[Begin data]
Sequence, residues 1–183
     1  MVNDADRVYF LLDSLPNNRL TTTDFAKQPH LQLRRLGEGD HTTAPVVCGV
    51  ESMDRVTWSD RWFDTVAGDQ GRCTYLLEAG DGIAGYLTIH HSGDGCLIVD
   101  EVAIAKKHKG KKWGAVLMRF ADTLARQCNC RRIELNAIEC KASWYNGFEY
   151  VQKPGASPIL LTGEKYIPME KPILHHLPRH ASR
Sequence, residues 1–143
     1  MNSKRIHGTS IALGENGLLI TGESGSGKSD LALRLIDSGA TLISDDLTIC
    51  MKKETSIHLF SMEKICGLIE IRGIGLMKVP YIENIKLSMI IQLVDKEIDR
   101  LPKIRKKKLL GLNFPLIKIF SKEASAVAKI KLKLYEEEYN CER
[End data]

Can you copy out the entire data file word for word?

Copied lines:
Sequence, residues 1–183
     1  MVNDADRVYF LLDSLPNNRL TTTDFAKQPH LQLRRLGEGD HTTAPVVCGV
    51  ESMDRVTWSD RWFDTVAGDQ GRCTYLLEAG DGIAGYLTIH HSGDGCLIVD
   101  EVAIAKKHKG KKWGAVLMRF ADTLARQCNC RRIELNAIEC KASWYNGFEY
   151  VQKPGASPIL LTGEKYIPME KPILHHLPRH ASR
Sequence, residues 1–143
     1  MNSKRIHGTS IALGENGLLI TGESGSGKSD LALRLIDSGA TLISDDLTIC
    51  MKKETSIHLF SMEKICGLIE IRGIGLMKVP YIENIKLSMI IQLVDKEIDR
   101  LPKIRKKKLL GLNFPLIKIF SKEASAVAKI KLKLYEEEYN CER